I never in all my life saw the beat of the flies here. They are indeed “legion” for their numerousness. They will “blow” anything wet or dry. Imagine my surprise and indignation when I beheld them audaciously “blowing” my sugar bag - not the best thing to keep sugar in you may think, nevertheless, it is what we use. A soldier is by no means complete without a bag for sugar, for coffee, salt &c, besides one for miscellaneous articles, also an oil cloth one to carry meat in. This with a small cup, knife, and some old fruit can, holding about a quart, to buckle on the outside of the haversack for a coffee pot, makes a buttery, cellar provision and all complete. Not a very choice cellar I assure you in this scorching hot sun when it is hot enough to melt lean pork through any number of thicknesses of cloth between it and the sun.
But I must stop, for I am afraid such little matters are not interesting to you and besides Lem will probably give you all such details verbally. But Lem don’t know the ropes as well as I do, although I think his experience would satisfy most anyone.
I want you to mention in particular if you get my last letter, for it was done in manuscript style with a leaf of Harpers Weekly, containing the picture of the battle of the 22nd June that I promised to send you. My reason for sending it in this shape was that I had only one stamp and it was too heavy for that and I thought this legal, as the ends were unsealed, so let it go.
Do you think it any ways probable that Wash. Co. will secure many of her quota before the “draw.” I hear there is some talk of their raising a new regt. there, is this so? I think it is a bad policy sending Hugh Cowan to recruit in the revolted states of Ga. And Ala. I think we ought to have these and their full quota besides. I’ll bet he don’t get 3 men in all. The recruiting agents are now thicker than hairs on a dog. Every man who is able ought to rush to arms and before the snow flies either make every traitor yield or annihilate them and all return well paid for having done our duty, by all the blessings that a peaceful happy country can afford us. This is my idea of the matter, but it seems to be the policy of many, too many, to hang about the street corners at home and blow about injustice and the abuse of “State rights” or “Constitutional rights,” and concoct their devilish schemes to thwart every good purpose of the government. Still they cry peace, peace only, well no matter what terms. These two “hobbies” of the peace men, viz: “State and constitutional rights” form the most serious drawbacks to our cause. For my part I would sooner witness the butchery of every soul in the Reb army, yes, in the confederacy too, and have the seed extinct, than to compromise one single iota with them, other than the conditions which are always open to them. I am just as radical as that, for it does seem impossible for a race of people like those of the court to be duped by leaders however hot-headed into such a perfectly inexcusable rebellion as this.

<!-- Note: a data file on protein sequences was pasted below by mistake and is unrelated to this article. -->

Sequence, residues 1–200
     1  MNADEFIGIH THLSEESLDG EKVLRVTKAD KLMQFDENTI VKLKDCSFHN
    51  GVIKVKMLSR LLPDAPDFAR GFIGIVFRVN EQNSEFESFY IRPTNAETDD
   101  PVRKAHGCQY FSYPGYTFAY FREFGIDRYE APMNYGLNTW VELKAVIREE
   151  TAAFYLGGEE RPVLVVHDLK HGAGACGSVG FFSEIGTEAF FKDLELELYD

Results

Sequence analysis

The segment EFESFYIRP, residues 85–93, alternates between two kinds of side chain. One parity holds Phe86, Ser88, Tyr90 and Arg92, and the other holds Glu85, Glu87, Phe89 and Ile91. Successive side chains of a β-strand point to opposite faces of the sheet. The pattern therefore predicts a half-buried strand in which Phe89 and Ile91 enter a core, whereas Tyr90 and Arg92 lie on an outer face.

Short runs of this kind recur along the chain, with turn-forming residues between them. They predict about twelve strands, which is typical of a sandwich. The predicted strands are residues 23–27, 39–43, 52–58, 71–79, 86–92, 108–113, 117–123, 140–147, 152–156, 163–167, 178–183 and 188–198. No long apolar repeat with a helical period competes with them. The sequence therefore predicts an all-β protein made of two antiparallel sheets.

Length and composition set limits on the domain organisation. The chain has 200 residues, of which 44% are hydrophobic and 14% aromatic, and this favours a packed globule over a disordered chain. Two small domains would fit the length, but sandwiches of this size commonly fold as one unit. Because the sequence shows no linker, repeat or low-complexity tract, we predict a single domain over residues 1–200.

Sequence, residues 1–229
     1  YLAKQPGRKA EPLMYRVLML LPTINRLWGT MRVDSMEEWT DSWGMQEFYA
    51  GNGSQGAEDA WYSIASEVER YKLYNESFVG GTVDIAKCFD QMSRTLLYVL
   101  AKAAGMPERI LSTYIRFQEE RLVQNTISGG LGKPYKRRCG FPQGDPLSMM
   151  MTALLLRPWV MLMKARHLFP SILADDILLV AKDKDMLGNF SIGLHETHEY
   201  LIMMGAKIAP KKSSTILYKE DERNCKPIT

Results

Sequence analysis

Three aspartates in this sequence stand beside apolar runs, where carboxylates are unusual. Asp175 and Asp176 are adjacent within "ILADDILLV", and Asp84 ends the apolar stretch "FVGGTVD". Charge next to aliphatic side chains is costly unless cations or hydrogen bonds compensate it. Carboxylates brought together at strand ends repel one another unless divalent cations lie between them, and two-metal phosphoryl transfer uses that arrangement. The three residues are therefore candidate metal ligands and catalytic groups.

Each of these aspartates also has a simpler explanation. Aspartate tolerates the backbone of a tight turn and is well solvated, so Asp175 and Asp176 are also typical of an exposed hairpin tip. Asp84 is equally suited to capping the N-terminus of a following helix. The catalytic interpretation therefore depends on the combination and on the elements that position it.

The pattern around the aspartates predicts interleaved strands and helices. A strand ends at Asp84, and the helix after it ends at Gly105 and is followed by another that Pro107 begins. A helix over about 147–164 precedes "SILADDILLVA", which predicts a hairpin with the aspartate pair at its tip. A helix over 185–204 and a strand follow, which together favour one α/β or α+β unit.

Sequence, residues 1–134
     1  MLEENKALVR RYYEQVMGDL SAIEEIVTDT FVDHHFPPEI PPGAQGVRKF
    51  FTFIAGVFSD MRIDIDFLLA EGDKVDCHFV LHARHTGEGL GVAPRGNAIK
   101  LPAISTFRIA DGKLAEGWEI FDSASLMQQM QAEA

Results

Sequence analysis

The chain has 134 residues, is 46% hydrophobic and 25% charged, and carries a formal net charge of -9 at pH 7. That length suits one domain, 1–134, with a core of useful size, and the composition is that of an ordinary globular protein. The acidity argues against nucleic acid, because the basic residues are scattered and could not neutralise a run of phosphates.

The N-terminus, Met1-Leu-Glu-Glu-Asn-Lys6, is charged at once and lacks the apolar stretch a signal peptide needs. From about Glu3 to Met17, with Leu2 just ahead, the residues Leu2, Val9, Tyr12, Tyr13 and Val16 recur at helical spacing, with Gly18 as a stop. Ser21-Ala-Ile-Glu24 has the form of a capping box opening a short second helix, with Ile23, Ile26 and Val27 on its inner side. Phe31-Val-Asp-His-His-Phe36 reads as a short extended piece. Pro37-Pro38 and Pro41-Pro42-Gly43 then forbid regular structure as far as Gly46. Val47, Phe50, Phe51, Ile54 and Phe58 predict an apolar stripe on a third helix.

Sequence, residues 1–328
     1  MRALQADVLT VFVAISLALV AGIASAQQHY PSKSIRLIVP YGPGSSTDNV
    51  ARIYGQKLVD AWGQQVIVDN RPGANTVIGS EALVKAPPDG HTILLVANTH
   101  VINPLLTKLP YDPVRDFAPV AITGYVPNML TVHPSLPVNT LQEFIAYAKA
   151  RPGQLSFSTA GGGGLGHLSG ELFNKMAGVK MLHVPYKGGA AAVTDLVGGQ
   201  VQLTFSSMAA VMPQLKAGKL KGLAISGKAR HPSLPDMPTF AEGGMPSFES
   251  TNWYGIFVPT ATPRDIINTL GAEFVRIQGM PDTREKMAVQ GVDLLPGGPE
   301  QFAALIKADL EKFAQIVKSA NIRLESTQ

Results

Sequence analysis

It is showering a little this afternoon and it spatters through the tent on my paper so that it is rather wet writing.
There is a good deal of talk here about being paid. The paymaster was here but I do not anticipate our being paid until the city is taken and even then the campaign may not close, but I think we will stop long enough to be paid and recruit up some. There is no such thing as an army keeping on the field without any recuperation. The animals, if nothing else, must be kept in order and a great many of them are killed and the army must stop and replace them.
For six months up to the 1st of July, I will probably draw $88.00. $13.00 for 4 months and 18 for 2 months, after the soldier’s pay was increased. From 1st of May privates draw 16, corpls. 18, and sgts. 20. I expect to be able to send you quite a pile this time if nothing happens. There will be some differences between $40 every two months and 26 but I earn it well.
The government still furnishes clothing at the old rates, so that by food and clothing at the old prices and raising the wages besides, they pay pretty well. They only charge 3.50 for the very best pants, shoes 1.50 and they cost the government a good deal more than this. We are all ahead this year on clothing, draw more than we did last year.
How does Aunt Sarah stand the warm dry weather you are having now? I can imagine her wishing for rain. I should think the flies would trouble her a great deal. I suppose C. is quite busy this summer, so many city boarders there, some of them could find good summer quarters in the army. Love to all. Write as often as possible, for I don’t have many letters. Should like a silk handkerchief and pack of thick envelopes.

Your son,